The word normal is getting used a lot these days. As in getting back to normal, the old normal, the new normal, and when will things ever be normal again. There is no question the novelty has worn off this whole crisis and we are all ready to get back to normal. It’s normal to want to get back to normal, especially when we are in the midst of something stressful and especially when there is no end in sight, no date to look forward to on the calendar. If there was just a date, even if it was October 1st, we could endure this a little better. Why is normal such a big deal, why do we want to get back to normal? We like normal because we know what to expect, we know what to do, how to act and feel. Its familiar, easier, comfortable, like an old sweater or old pair of slippers, like comfort food. But the question I want to explore with you this morning is, do we really want to get back to normal, do we really want to go back to our old ways? How was normal really working for you? How were your priorities, how were your important relationships, what was out of balance, how was your prayer life, were you distracted with all kinds of distractions?
If you go to Cairo, Egypt today you can visit two very famous graves. You can go to the pyramids and visit the tombs of the great kings of Egypt, the most famous of which is the tomb of King Tut. “He was only seventeen when he died. He was buried with solid gold chariots and thousands of golden artifacts. His gold coffin was found in a burial site filled with tons of gold. The Egyptians believed they could take earthly treasures into the afterlife. But all the treasures intended for King Tutt’s eternal enjoyment stayed right where they were until Howard Carter discovered the burial chamber in 1922. “The other grave is much harder to find. It’s off a dusty back alley in a graveyard for American missionaries. The tombstone reads: “William Borden, 1887-1913.” In 1904 when William Borden graduated from high school, he was already a millionaire and heir to the Borden Dairy Estate. As a graduation gift his parents gave him a trip around the world.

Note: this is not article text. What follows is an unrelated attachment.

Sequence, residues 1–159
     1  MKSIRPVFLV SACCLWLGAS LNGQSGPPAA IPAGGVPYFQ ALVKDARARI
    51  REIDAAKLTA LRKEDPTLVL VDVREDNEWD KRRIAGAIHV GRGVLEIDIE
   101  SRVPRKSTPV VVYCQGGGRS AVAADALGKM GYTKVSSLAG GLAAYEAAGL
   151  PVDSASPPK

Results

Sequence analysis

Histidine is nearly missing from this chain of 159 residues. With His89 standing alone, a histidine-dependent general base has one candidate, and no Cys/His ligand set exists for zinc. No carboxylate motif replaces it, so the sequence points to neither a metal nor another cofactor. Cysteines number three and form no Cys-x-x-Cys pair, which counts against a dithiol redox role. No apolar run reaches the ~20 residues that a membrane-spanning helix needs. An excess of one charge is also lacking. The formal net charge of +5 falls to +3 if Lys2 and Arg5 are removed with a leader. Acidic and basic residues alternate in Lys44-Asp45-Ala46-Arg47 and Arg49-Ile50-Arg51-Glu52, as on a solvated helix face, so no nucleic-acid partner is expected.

Isaiah has just seen heaven. Heaven is God, heaven is God in the fullness of His glory, God outshining ten-thousand suns. Heaven is consumed by the all-consuming glory of the one and only creator God. No eye has seen, no ear has heard what He is like in all His glory, splendor and majesty. Remember, Isaiah only saw a glimpse, only a veiled portion because no created being is able to bear seeing all of God’s glory. How would we respond to the vision of the glory of God? At first Isaiah must have been overwhelmed and intoxicated by the magnificent and majestic display. But then self-consciousness sets in. It’s like gazing in awe at a nighttime sky full of stars and then suddenly feeling very small and insignificant. Or standing in awe before the majestic beauty of the Cascades and then feeling small and inconsequential. Maybe it is a bit like Peter with his eyes fixed on Jesus walking on the water all of a sudden becoming self-aware and beginning to sink in fear. Isaiah is overwhelmed, he is undone, he is laid low. The staggering chasm between God’s holiness and his unholiness is laid before him. How many of us in hearing news about a serial killer feel this huge gulf or distance between him and ourselves? We can’t even fathom sinking that low and acting as he did. We see no comparison between him and his sin and us and our sin.